3. The Georgia Code defines a "legal custodian" as a person to whom legal custody has been given by court order and who has the right to physical custody of the child and to determine the nature of the care and treatment of the child and the duty to provide for the care, protection, training, and education and the physical, mental, and moral welfare of the child. OCGA § 15-11-43, Code 1933, § 24A-2901. A legal custodian does not have the right to consent to the adoption of a child, as this right is specifically retained by one with greater rights over the child, a child's parent or guardian. OCGA § 15-11-43, Code 1933, § 24A-2901 (rights of a legal custodian are subject to the remaining rights and duties of the child's parents or guardian); Skipper v. Smith, 239 Ga. 854 ( 238 S.E.2d 917) (1977) (right to consent to adoption is a residual right retained by a parent notwithstanding the transfer of legal custody of the child to another person); Jackson v. Anglin, 193 Ga. 737, 738 ( 19 S.E.2d 914) (1942) (parent retains exclusive authority to consent to adoption although child is placed in temporary custody of another); Carey v. Phillips, 137 Ga. App. 619, 624 ( 224 S.E.2d 870) (1976) (parent's consent is required for adoption of child although child is in physical custody of another).
O'Neal concedes that, after her mother's death, no guardianship petition was filed by her relatives. Nor is there any evidence that any person petitioned to be appointed as her legal custodian. Accordingly, the obligation to care and provide for O'Neal, undertaken first by Campbell, and later by Page, was not a legal obligation but a familial obligation resulting in a custodial relationship properly characterized as something less than that of a legal custodian. Such a relationship carried with it no authority to contract for O'Neal's adoption. See Skipper, 239 Ga. at 856. While we sympathize with O'Neal's plight, we conclude that Page had no authority to enter into the adoption contract with Cook and the contract, therefore, was invalid.
4. Because O'Neal's relatives did not have the legal authority to enter into a contract for her adoption, their alleged ratification of the adoption contract was of no legal effect and the court did not err in granting a judgment notwithstanding the verdict in favor of the appellee. See Foster v. Cheek, 212 Ga. 821 ( 96 S.E.2d 545) (1957) (adoption contract made between persons not competent to contract for child's adoption specifically enforceable where the parent with parental power over the child acquiesced in and ratified the adoption contract).
Judgment affirmed. All the Justices concur, except Hunt, P. J., and Carley, J., who concur in the judgment only; Sears-Collins and Hunstein, JJ., who dissent.
DECIDED FEBRUARY 7, 1994 — RECONSIDERATION DENIED FEBRUARY 25, 1994.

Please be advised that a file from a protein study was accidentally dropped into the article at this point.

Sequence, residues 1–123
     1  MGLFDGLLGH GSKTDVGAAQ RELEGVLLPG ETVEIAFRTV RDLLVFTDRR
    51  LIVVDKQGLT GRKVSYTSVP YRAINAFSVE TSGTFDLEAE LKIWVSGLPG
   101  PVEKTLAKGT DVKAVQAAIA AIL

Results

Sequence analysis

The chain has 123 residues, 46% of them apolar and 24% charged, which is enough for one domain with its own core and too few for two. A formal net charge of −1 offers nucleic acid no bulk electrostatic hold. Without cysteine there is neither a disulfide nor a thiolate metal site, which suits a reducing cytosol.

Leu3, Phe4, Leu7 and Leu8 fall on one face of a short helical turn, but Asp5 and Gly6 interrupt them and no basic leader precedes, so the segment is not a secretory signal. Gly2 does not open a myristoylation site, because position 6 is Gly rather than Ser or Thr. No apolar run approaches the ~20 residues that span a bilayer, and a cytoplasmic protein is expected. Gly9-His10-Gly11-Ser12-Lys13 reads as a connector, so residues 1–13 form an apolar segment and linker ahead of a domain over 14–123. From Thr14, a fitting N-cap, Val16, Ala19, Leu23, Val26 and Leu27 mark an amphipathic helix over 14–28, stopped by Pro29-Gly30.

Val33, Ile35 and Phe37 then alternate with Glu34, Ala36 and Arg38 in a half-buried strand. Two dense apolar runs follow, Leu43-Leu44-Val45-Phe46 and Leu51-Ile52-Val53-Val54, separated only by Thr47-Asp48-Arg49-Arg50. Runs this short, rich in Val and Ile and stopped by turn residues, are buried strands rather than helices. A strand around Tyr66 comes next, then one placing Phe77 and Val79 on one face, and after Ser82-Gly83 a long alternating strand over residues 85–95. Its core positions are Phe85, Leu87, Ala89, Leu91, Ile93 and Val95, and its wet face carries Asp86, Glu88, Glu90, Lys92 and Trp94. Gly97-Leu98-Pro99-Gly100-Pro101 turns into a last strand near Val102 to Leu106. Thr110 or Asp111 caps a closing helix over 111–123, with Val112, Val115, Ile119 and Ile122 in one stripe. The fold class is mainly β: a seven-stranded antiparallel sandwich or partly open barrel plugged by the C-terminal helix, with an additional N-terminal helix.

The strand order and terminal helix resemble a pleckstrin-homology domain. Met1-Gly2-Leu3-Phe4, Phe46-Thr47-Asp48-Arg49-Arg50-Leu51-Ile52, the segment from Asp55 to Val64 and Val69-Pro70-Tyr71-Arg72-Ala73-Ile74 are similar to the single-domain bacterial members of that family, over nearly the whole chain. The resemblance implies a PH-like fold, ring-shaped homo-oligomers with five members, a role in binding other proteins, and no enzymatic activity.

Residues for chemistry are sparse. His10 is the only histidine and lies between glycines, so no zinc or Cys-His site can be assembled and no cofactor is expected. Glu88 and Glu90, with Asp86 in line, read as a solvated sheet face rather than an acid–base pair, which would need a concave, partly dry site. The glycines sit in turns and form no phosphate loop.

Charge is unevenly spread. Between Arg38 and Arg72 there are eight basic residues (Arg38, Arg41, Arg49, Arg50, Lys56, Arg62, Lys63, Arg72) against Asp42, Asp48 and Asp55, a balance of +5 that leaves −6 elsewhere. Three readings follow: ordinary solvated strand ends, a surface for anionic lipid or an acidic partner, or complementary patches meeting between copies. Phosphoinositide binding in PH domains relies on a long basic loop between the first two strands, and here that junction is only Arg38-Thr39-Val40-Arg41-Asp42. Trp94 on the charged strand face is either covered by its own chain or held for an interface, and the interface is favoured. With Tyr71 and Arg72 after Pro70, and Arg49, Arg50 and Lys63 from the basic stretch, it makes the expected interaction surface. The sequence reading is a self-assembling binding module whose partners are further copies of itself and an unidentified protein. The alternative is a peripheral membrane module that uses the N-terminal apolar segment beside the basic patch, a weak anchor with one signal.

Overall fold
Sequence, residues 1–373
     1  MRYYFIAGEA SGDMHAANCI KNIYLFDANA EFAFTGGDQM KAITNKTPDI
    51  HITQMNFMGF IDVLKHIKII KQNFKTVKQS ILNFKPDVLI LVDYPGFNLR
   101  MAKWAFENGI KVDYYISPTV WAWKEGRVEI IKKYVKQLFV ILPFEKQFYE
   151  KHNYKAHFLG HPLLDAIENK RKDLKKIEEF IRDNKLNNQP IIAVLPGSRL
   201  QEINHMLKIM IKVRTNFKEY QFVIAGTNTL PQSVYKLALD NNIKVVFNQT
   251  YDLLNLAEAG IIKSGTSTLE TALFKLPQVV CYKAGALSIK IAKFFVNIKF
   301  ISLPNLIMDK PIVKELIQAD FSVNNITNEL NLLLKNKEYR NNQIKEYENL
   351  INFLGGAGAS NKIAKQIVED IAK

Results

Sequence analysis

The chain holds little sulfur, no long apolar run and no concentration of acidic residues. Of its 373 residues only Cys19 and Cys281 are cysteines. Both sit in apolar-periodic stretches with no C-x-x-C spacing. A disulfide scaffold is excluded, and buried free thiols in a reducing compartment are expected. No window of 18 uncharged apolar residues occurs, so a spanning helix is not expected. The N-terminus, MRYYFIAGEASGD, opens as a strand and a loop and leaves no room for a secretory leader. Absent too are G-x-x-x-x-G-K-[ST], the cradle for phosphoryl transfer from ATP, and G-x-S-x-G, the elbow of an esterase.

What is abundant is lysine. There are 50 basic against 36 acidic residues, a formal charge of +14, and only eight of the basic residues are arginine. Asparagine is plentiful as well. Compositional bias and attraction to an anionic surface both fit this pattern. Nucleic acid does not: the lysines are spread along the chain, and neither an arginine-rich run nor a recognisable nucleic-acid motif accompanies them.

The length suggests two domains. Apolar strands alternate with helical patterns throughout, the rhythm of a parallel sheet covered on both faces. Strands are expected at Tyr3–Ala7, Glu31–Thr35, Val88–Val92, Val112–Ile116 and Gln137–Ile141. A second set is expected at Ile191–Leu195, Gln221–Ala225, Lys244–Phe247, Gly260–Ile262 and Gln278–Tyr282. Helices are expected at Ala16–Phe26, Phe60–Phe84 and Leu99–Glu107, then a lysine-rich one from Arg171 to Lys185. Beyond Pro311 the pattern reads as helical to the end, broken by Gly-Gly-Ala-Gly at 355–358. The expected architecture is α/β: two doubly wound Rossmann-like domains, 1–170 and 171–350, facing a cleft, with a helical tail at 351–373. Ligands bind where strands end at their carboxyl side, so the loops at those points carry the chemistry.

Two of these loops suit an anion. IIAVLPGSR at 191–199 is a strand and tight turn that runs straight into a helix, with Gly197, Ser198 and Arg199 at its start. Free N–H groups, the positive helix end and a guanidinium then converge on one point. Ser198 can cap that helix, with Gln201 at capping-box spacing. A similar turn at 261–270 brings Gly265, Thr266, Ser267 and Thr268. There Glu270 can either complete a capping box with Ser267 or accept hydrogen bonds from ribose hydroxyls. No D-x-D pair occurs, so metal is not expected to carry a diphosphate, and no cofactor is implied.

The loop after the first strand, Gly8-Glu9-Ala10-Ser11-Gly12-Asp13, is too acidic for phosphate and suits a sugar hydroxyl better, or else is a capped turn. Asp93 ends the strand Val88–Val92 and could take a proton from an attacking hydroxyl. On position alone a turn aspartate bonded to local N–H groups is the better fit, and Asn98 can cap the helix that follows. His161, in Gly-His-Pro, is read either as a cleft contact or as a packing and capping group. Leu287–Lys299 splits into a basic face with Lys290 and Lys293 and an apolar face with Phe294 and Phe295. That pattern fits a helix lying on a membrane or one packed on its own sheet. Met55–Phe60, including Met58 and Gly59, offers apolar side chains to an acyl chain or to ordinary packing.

I disagree with the majority's holding that O'Neal's claim for equitable adoption is defeated by the fact that her paternal aunt was not a person designated by law as one having the authority to consent to O'Neal's adoption.
1. In Crawford v. Wilson, 139 Ga. 654, 658 ( 78 S.E. 30) (1913), the doctrine of equitable or virtual adoption was recognized for the first time in Georgia. Relying on the equitable principle that "equity considers that done which ought to have been done," id. at 659; see OCGA § 23-1-8, we held that
an agreement to adopt a child, so as to constitute the child an heir at law on the death of the person adopting, performed on the part of the child, is enforceable upon the death of the person adopting the child as to property which is undisposed of by will.
Id. We held that although the death of the adopting parents precluded a literal enforcement of the contract, equity would "enforce the contract by decreeing that the child is entitled to the fruits of a legal adoption." Id. In Crawford, we noted that the full performance of the agreement by the child was sufficient to overcome an objection that the agreement was unenforceable because it violated the statute of frauds. Id. at 658. We further held that
[w]here one takes an infant into his home upon a promise to adopt such as his own child, and the child performs all the duties growing out of the substituted relationship of parent and child, rendering years of service, companionship, and obedience to the foster parent, upon the faith that such foster parent stands in loco parentis, and that upon his death the child will sustain the legal relationship to his estate of a natural child, there is equitable reason that the child may appeal to a court of equity to consummate, so far as it may be possible, the foster parent's omission of duty in the matter of formal adoption.
Id. at 660.
Although the majority correctly states the current rule in Georgia that a contract to adopt may not be specifically enforced unless the contract was entered by a person with the legal authority to consent to the adoption of the child, Crawford did not expressly establish such a requirement, and I think the cases cited by the majority that have established this requirement are in error.
Instead, I would hold that where a child has fully performed the alleged contract over the course of many years or a lifetime and can sufficiently establish the existence of the contract to adopt, equity should enforce the contract over the objection of the adopting parents' heirs that the contract is unenforceable because the person who consented to the adoption did not have the legal authority to do so. Several reasons support this conclusion.